Standardization of supervision procedures: the cross-cultural perspective
Universidade Católica Portuguesa, Viseu
(Report from the Lisbon Congress round table on supervision, September 2004. Convenor: Andrew Chesterman)
follows is a subjective response to the proposals recently raised for standardizing
supervision procedures in the area of Translation Studies. It should be noted
that these comments are entirely based upon my own experiences as a student and
teacher in both
The Cross-Cultural Perspective
is most immediately obvious about the AHRB Guidelines on supervision procedures
is the extent to which they reflect the values and organisation
Aspects that may be transferrable:
§ Structuring of the supervisor’s role: certainly students everywhere will gain a sense of security from the knowledge that their supervisor is in some way answerable to an institution or network, and that they are not at the mercy of the whims of some individual. Indeed, the existence of a supervisory team or panel would go a long way towards ensuring that the proper checks and balances are in place. (However, the precise nature of that structuring may need to be established on a national or even faculty level – see below).
§ Training of supervisors: clearly students will benefit greatly from the implementation of a training scheme for supervisors, particularly as regards the all-important counselling skills, which are at present somewhat left to chance in most institutions. Once again, however, the exact nature of that training should perhaps be established locally, in the light of the other complementary services provided by the institution.
Possible areas of difficulty:
structuring of the kind envisaged in the guidelines could not, I feel, be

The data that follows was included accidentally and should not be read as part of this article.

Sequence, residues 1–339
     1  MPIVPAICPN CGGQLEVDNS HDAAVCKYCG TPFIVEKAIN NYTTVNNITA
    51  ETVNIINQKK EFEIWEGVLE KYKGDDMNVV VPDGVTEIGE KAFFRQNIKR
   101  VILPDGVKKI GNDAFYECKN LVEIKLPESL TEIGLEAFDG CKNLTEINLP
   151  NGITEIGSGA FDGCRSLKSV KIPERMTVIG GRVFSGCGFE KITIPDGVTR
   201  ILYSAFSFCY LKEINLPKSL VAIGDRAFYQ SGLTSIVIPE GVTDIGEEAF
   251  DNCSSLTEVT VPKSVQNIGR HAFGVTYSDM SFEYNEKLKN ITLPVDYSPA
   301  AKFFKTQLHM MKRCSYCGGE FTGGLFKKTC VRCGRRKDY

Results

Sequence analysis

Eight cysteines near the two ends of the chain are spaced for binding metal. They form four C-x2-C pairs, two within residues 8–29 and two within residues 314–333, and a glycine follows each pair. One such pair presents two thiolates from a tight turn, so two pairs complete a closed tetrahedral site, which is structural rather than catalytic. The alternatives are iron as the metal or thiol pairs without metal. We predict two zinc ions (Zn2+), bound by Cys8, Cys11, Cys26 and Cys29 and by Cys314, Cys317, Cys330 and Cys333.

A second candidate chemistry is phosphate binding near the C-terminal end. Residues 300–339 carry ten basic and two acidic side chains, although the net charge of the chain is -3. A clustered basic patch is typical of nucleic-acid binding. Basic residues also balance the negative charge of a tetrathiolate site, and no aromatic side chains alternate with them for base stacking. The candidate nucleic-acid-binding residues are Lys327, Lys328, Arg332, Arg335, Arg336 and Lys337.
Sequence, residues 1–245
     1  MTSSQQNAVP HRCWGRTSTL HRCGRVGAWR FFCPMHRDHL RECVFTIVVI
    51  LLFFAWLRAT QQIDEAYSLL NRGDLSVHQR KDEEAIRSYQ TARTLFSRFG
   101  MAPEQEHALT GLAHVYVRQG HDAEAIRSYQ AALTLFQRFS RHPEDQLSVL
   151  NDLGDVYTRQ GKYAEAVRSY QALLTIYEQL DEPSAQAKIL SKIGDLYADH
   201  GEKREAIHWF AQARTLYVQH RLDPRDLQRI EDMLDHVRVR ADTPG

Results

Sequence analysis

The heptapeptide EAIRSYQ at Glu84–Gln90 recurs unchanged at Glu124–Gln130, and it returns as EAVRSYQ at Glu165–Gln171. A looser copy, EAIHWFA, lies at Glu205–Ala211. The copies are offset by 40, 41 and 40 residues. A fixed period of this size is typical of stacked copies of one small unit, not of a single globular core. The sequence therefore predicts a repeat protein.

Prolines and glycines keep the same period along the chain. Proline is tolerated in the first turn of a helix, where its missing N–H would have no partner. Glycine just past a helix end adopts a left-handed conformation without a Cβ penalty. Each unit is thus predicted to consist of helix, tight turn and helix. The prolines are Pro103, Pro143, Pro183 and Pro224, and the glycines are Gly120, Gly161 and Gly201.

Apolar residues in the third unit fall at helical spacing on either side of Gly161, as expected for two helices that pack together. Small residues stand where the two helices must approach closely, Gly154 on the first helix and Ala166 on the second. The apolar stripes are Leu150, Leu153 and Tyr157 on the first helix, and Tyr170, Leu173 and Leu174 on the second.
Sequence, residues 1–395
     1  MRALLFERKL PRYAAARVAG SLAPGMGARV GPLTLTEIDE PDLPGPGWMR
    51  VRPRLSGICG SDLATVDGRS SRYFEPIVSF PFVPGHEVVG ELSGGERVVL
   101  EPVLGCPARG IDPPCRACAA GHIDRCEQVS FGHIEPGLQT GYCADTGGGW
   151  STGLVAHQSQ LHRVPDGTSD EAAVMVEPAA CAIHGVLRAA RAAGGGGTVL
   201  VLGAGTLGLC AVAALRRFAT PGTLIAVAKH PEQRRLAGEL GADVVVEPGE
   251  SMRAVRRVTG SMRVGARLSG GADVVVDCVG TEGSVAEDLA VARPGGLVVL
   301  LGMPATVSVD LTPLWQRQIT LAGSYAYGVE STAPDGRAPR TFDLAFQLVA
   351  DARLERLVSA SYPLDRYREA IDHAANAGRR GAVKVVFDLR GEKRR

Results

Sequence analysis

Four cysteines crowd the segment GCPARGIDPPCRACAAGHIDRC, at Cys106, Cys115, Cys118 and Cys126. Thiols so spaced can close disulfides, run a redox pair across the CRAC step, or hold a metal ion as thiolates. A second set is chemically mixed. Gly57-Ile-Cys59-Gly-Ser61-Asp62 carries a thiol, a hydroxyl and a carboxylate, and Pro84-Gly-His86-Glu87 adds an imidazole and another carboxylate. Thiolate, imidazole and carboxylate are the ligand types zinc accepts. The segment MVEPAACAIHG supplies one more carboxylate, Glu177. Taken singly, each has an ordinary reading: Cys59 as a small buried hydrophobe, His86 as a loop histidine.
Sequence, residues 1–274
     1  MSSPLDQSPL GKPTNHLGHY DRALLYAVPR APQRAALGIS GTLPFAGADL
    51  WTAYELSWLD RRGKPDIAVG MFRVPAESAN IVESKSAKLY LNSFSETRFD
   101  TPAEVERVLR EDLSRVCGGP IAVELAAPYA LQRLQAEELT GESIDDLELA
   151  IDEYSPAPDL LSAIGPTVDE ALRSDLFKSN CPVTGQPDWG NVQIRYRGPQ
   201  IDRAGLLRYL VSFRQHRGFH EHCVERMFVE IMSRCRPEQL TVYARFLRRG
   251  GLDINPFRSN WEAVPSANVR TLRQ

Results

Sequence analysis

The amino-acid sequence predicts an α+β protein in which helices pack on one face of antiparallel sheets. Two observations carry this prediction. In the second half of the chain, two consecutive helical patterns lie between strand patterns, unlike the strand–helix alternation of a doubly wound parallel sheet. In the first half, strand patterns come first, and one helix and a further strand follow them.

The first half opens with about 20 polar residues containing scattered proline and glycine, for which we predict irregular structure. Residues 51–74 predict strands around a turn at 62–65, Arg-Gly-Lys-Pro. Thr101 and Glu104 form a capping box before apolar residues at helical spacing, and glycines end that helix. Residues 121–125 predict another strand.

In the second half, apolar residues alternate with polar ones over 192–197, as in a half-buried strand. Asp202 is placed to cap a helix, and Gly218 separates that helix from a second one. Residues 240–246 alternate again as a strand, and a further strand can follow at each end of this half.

easily implemented outside the
Some of the differences to be taken into account are:
1)Profile of the PhD
while in northern Europe the PhD is perceived as a preliminary qualification
for getting started in an academic career, in a country such as
2)Institutional structures available: many of the institutional structures mentioned in the Guidelines are not necessarily available in other countries or are operated by other bodies. Many Portuguese universities have only limited closed-access library facilities, no career guidance or other support services to speak of, and pastoral care may be provided by the priest. In these situations, the supervisor’s role needs to be more loosely defined.
3)The Dissertation: in
Indeed, the ideology of scientific materialism that underlies almost all research in the English-speaking world is perceived as only one of a number of competing approaches to the production of knowledge in Portugal; far more deep-rooted in the humanities is a certain logocentrism (no doubt the result of the pervasive influence of the Catholic Church, not to mention more recent Post-Structuralist imports). Consequently, not all potential supervisors will be operating within the same paradigm, and this will, in turn, affect all aspects of the relationship: perception of roles; attitudes to questions such as originality and plagiarism; use of language; examination procedures, etc.
Attempts to impose rigid norms from outside will, I suspect, meet with a certain resistance, or at best will create confusion. We should also ask ourselves if it is morally justifiable, especially in a discipline such as Translation Studies, which supposedly gains its raison d´être from a profound respect for cultural difference.